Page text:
IntraFace software able to read emotion
When I stepped into the office of Fernando De La Torre, an associate research professor in the Robotics Institute at Carnegie Mellon, the first thing he did was pull me out of the room. He brought me one flight down from his office and into the lobby on the main floor of Smith Hall.
Inside the lobby was a machine with a television screen that was mapping my movements and displaying my state of emotion based on my appearance. When I smiled, it said “Happy, 98 percent;” when I stopped, it said “Neutral, 56 percent;” when I remembered how much homework I had this past weekend, it said “Sad.”
This machine was not just guessing my emotions, but was algorithmically calculating them based on the appearance of my face to the screen. This machine is the counterpart to the one found in Newell-Simon Hall. Installed in both machines is a special app called IntraFace, created by De La Torre alongside his team. This application is the result of 10 years of facial imaging research done by De La Torre, and it is capable of reading facial images in real time and computing a corresponding emotion based off changes in one’s facial structure.
Generally, only humans and some animals are thought to understand emotions, but De La Torre and his team are adding robots to the list.
When first assessing IntraFace, one of the first questions De La Torre posed was “How can you make a computer understand human emotion?”
He answered himself by saying that the answer is twofold. The first part involves finding a way to have the computer track the user’s facial components so that it can determine their position in a vector space and read them. To do so, De La Torre developed software that allows the application to track facial muscles based on their conformation and location on the face. The process involved feeding the software thousands of photos of facial components and thousands of photos of non-facial components.
Based on those initial inputs, the machine could then process what is a facial component and what is not a facial component. To downsize the storage size of the software, De La Torre reduced the processing algorithm to just four matrix multiplications.
This downsize is well within the memory storage capacity of a phone or other computing device, allowing IntraFace to be accessible across a wide array of electronic media.The second part of the answer to De La Torre’s question, and the more important part, involves developing a way to connect facial features to emotions in an algorithmic way that a computer can understand. To accomplish this task, De La Torre and his research team fed the software thousands of photos with different facial structures and labeled them accordingly; smiling faces were labeled “Happy,” frowning faces were labeled “Sad.”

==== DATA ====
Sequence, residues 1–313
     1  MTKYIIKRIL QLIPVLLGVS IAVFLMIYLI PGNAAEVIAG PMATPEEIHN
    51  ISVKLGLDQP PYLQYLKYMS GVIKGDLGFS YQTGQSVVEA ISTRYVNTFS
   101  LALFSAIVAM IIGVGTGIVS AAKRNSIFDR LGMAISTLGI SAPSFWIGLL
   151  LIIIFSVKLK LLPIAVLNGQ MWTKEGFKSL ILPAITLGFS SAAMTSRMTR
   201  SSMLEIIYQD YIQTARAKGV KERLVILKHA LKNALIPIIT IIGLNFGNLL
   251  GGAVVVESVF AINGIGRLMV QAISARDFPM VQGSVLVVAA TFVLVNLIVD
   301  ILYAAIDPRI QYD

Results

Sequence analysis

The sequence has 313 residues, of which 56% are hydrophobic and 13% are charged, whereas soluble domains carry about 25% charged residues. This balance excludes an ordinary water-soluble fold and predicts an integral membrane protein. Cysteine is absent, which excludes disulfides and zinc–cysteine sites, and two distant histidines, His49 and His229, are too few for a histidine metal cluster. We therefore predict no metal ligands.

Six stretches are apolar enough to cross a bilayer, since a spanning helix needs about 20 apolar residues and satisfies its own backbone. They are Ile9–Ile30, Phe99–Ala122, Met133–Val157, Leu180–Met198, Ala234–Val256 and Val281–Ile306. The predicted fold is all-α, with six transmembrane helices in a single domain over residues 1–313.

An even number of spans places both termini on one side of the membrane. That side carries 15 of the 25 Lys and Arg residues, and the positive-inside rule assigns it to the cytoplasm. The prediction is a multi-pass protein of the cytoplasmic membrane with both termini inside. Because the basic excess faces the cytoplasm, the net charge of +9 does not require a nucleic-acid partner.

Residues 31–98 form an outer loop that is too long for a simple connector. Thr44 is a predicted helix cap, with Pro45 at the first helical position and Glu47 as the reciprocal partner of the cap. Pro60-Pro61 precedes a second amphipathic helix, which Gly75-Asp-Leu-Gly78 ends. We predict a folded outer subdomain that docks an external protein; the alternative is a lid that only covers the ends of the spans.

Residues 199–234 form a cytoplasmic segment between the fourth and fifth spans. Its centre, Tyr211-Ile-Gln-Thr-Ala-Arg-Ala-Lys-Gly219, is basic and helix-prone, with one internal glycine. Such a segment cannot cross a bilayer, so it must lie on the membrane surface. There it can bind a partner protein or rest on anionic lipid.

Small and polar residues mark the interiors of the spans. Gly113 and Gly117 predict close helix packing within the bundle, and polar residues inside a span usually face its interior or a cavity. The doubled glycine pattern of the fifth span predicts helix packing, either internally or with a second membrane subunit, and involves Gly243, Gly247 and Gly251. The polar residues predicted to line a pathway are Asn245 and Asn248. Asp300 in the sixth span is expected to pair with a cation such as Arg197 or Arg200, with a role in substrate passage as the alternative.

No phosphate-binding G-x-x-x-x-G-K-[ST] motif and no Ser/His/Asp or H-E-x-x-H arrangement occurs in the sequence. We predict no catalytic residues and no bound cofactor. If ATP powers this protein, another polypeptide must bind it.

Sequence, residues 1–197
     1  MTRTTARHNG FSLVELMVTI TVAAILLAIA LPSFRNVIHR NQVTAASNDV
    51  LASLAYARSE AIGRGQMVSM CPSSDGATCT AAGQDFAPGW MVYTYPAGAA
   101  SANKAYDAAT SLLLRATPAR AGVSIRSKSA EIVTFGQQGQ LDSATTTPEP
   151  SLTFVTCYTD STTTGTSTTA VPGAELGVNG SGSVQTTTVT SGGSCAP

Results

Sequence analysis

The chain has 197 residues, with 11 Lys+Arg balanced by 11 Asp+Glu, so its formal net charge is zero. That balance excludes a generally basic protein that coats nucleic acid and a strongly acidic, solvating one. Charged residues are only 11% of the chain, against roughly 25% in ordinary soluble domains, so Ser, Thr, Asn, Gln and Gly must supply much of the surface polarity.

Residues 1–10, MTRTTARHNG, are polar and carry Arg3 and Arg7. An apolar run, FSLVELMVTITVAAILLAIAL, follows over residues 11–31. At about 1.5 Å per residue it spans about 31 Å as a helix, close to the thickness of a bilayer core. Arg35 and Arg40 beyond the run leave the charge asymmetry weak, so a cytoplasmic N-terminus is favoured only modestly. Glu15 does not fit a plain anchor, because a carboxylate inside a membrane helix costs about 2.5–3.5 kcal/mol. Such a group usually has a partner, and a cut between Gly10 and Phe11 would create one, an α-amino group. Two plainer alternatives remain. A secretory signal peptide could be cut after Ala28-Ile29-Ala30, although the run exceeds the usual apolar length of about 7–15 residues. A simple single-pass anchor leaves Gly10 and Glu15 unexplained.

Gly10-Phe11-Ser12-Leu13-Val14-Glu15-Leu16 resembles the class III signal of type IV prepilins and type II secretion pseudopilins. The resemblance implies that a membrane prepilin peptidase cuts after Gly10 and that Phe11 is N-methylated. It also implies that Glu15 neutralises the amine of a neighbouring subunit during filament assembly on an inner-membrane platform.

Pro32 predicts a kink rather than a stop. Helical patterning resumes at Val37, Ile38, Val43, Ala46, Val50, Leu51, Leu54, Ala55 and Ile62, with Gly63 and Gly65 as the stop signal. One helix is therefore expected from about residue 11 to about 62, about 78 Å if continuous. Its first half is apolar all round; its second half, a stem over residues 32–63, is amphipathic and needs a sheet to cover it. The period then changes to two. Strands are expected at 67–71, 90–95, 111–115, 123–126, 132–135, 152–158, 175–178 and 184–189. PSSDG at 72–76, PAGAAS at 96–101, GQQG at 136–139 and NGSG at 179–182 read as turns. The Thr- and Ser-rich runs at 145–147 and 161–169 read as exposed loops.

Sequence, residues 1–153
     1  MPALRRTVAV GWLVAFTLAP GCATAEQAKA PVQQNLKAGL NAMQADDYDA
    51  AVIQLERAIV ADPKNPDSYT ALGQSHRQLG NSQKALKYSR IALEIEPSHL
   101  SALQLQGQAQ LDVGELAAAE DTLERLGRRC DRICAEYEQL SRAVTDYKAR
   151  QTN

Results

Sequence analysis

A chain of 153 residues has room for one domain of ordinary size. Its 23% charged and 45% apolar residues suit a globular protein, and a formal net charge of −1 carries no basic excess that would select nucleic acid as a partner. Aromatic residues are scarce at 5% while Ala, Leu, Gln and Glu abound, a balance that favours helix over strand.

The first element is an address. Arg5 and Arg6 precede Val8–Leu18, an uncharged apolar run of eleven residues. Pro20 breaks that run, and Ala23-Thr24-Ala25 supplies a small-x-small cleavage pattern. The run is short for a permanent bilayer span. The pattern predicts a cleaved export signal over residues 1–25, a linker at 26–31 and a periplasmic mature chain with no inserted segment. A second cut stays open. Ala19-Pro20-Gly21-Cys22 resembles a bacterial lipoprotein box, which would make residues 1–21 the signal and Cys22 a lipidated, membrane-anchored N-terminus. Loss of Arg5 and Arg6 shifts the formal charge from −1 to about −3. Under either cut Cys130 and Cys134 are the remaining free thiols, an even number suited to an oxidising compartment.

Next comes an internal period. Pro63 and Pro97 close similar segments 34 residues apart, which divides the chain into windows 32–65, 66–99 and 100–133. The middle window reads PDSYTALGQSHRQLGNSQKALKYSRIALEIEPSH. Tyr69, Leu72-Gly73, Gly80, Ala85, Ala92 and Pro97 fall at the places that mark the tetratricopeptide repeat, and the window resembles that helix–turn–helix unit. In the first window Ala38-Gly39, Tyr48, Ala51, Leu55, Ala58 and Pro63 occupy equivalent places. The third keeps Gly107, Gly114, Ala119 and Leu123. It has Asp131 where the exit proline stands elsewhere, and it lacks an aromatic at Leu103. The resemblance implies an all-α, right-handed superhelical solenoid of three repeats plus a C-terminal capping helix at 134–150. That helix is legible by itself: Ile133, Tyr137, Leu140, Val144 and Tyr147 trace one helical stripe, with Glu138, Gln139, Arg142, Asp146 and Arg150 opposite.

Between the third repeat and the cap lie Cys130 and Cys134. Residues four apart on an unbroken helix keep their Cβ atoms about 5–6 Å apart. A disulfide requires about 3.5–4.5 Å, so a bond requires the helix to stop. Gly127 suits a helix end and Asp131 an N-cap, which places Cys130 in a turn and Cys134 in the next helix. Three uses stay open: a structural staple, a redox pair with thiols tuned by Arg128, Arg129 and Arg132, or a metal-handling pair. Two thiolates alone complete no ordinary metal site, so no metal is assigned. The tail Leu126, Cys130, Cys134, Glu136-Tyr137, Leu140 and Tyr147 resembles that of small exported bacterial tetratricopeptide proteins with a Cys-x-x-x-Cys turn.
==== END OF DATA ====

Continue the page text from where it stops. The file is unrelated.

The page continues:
While expressions have far more psychologically and physiologically complex features, there does exist a set of universal expressions, such as happiness, sadness, and surprise, which look the same on everyone. This means that the same facial structures are used, and this universality allows researchers to use these broad categories.
This is an instance of classification, or the method of providing a machine an index (a list of facial expressions) from which it can develop a solution (stating whether the person is happy, sad, etc.). In classification, a machine is given thousands of different observations, each with an appropriate category. Using these observations, a machine can take an unknown observation and file it into a pre-existing category based on the list of categories it already contains. In the case of IntraFace, the observations are facial structures and the categories are emotions.
After elaborating on the technicalities of the software, De La Torre described some of the endless applications. For example, companies could use IntraFace in market advertising to assess the quality of their advertisements; they could see what parts of the advertisement make people laugh, what parts bore them, and what parts completely disinterest them.
Additionally, De La Torre mentioned integrating this software into vehicles to detect driver distraction. If vehicles had this software within them, cars could detect when a driver is distracted or fatigued or texting based on the expression on his face. Another could be for public speaking, which would allow a lecturer to assess when his crowd is listening and engaged versus when it is tuning out or dozing off. De La Torre even mentioned the possible medical applications of IntraFace; the app could allow doctors and other clinicians to determine how patients are feeling medically and if they are experiencing any pain or discomfort.
In order to advance the medicinal applications of InstaFace, De La Torre is currently partnering with Jeffrey Cohn, an Adjunct Professor of Computer Science at the Robotics Institute at Carnegie Mellon and Professor of Psychology and Psychiatry at the University of Pittsburgh. Another feature of IntraFace is that it is indiscriminate: it can read faces of any skin color as well as faces with facial hair of any kind.
While the application has gained much ground over the past 10 years, De La Torre is hoping to develop it to a point where he can release it to researchers across the nation as a practical research tool. IntraFace could provide researchers in the field of psychology, physiology, and computer science with the tools to create breakthrough research.